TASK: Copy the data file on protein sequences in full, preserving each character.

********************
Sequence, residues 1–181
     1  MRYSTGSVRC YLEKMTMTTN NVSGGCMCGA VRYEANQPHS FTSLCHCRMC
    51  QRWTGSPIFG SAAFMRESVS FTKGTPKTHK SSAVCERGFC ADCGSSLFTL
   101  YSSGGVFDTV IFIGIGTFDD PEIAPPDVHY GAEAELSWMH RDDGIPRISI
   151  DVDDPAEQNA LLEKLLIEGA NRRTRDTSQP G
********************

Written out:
Sequence, residues 1–181
     1  MRYSTGSVRC YLEKMTMTTN NVSGGCMCGA VRYEANQPHS FTSLCHCRMC
    51  QRWTGSPIFG SAAFMRESVS FTKGTPKTHK SSAVCERGFC ADCGSSLFTL
   101  YSSGGVFDTV IFIGIGTFDD PEIAPPDVHY GAEAELSWMH RDDGIPRISI
   151  DVDDPAEQNA LLEKLLIEGA NRRTRDTSQP G